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Aug 25, 2017

Albuquerque Development Impact Fees May Be National Standard

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ALBUQUERQUE DEVELOPMENT IMPACT FEES MAY BE NATIONAL STANDARD

This summer the Newark City Council in New Jersey voted unanimously in favor of raising already in-place impact development fees for home, office, and commercial construction.

Across the continent, in Chico, California, members of that city’s council decided for the first time in a decade to implement the same kind of fees, with one city official saying it was all a matter of fairness: if a new subdivision needs streets, sidewalks, and sewer systems, the cost should be not borne by the city alone.

How and when development impact fees can be used for needed infrastructure projects is a question that has long challenged public policy analysts and city officials.

But some scholars think Albuquerque, beginning in 2005, may have found a roadmap for other cities to follow.

“Having developers putting money into one kitty makes a lot of sense,” says Arthur Nelson, a professor of real estate at the University of Arizona and one of the analysts who has studied the Albuquerque program.

The fund, says Nelson, has helped to pay for ever-increasing infrastructure needs associated with new development citywide, while promoting investment in urban core.

“I did not know this 12 or 14 years ago when I started to work on the issue of impact fees,” says George Burge, “but many developers actually prefer systems where the development impact fees are in place.”

The reason, explains Burge, a professor of economics at the University of Oklahoma, and also one of the co-authors of the Albuquerque study, is the certainty.

“Developers prefer that to uncertainty,” says Burge. “They like knowing the rules of the game and understanding early on what will be required of them.”

The Albuquerque approach was originally structured so as to charge little or no impact fees in the central part of the city where public infrastructure was already in place.

But it gave the city the freedom to impose higher impact fees in parts of the city requiring new infrastructure.

The idea, says Nelson, was to reduce urban sprawl.

“And from what we’ve seen, the Albuquerque approach has worked,” says Nelson, adding that “more new development increased in the central areas than would have happened otherwise, and that’s because the costs were lower due to the infrastructure already existing there.”

But this does not mean that the system has not been without critics.

Detractors have called Albuquerque’s development fees everything from an example of overly-intrusive government meddling in the private market to an impediment to growth.

“I don’t think it was all roses,” remarks John Garcia, the executive vice-president of the Home Builders Association of Central New Mexico.

“There is always a danger with things like this of pricing out the market,” he says. “And you combine that with the recession and it meant that not much of anything was getting built.”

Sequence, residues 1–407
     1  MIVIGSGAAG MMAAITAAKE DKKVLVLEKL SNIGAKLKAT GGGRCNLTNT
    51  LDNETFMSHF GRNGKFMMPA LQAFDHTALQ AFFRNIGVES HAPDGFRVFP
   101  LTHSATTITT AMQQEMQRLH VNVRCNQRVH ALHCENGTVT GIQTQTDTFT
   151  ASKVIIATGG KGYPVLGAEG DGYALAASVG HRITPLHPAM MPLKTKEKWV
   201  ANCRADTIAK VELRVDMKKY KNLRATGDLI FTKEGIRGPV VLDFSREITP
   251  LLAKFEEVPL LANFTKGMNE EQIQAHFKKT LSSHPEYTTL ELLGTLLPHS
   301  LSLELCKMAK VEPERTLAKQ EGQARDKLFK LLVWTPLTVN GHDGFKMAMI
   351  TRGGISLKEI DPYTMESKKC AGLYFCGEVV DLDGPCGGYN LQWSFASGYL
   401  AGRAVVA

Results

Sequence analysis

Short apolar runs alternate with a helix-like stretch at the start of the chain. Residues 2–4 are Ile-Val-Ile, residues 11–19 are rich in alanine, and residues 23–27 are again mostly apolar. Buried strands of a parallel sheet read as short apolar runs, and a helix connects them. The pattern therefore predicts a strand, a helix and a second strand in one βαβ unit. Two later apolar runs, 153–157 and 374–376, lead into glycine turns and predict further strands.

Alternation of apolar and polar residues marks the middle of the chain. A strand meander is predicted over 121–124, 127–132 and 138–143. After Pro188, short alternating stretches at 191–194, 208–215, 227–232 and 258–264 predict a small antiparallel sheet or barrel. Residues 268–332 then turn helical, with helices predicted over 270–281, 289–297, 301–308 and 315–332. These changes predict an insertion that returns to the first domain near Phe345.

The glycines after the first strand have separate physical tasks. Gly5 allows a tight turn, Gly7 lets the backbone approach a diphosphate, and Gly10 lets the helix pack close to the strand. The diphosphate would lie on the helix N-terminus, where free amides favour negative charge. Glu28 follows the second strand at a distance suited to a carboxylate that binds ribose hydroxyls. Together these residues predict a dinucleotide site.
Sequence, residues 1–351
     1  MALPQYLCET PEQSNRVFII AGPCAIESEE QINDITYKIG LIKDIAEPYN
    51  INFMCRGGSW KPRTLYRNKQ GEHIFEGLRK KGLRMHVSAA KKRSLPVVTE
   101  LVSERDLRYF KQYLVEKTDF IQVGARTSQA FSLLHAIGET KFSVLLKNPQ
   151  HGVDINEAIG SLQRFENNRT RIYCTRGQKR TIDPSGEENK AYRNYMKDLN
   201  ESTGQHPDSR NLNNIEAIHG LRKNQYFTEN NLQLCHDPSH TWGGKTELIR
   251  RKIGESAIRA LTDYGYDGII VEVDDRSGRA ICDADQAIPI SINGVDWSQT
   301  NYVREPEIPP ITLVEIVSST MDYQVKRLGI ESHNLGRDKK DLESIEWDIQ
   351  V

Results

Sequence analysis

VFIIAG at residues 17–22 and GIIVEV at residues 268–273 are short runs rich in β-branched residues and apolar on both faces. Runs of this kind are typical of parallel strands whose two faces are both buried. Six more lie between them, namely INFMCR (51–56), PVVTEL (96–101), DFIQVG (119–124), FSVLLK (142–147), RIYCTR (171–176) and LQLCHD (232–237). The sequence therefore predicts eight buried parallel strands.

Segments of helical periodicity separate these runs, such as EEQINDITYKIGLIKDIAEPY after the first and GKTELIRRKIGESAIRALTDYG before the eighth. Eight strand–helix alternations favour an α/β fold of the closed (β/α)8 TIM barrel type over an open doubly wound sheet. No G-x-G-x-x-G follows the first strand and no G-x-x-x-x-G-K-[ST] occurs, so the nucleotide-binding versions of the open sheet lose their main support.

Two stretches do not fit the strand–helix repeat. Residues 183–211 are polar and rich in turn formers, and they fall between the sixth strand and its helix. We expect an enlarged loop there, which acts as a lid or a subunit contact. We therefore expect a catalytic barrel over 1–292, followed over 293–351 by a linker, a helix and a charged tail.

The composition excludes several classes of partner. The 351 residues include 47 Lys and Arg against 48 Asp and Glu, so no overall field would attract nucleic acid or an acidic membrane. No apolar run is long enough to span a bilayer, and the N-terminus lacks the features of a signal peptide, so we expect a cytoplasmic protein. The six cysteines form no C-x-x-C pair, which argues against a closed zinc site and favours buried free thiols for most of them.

Lynne Anderson agrees: “What happened initially was that because the fees were so outrageous, you didn’t get hardly any development. In one part of town, a fast food project would be paying $500 to build, while in another part of town it would be paying $3,000.”

“Well,” continues Anderson, the president of the Commercial Real Estate Development Association of New Mexico, “guess who didn’t get the fast food?”

The history of the city’s development impact fee program showed an upward sliding fee schedule for the first three years, then an imposed moratorium during the depth of the recession in 2009.

A revised impact fee ordinance with refunds and credits and fees ranging from hundreds of dollars to thousands of dollars, depending up on the structure being built and its location, was enacted in 2012.

“The second time around, the city and industry had learned a little bit more about how to look at this kind of thing rationally and take into account what the benefits of growth were, as well as the cost of growth,” says Anderson.

“There is no doubt that the city needs to build that infrastructure,” says Garcia. “And there is no doubt that the industry supports some kind of a plan for building that infrastructure.”

“But at the end of the day, the whole thing really works best if there is a steady market,” he adds. “If you don’t have that, nothing is going to happen.”

Even though an increasing number of cities across the country are contemplating Albuquerque-like fee structures, Burge thinks caution should be a byword.

“I would not recommend any community taking any formal steps unless they have done all the due diligence needed,” he says.

“Cities need to share the information they have with their communities about the costs of the infrastructure burden.”

But because any development impact fee, adds Burge, could end up being challenged in court, “any city that doesn’t do its due diligence and doesn’t explain carefully the reasons why such fees are needed could quickly find themselves on shaky ground.”

 

By Garry Boulard

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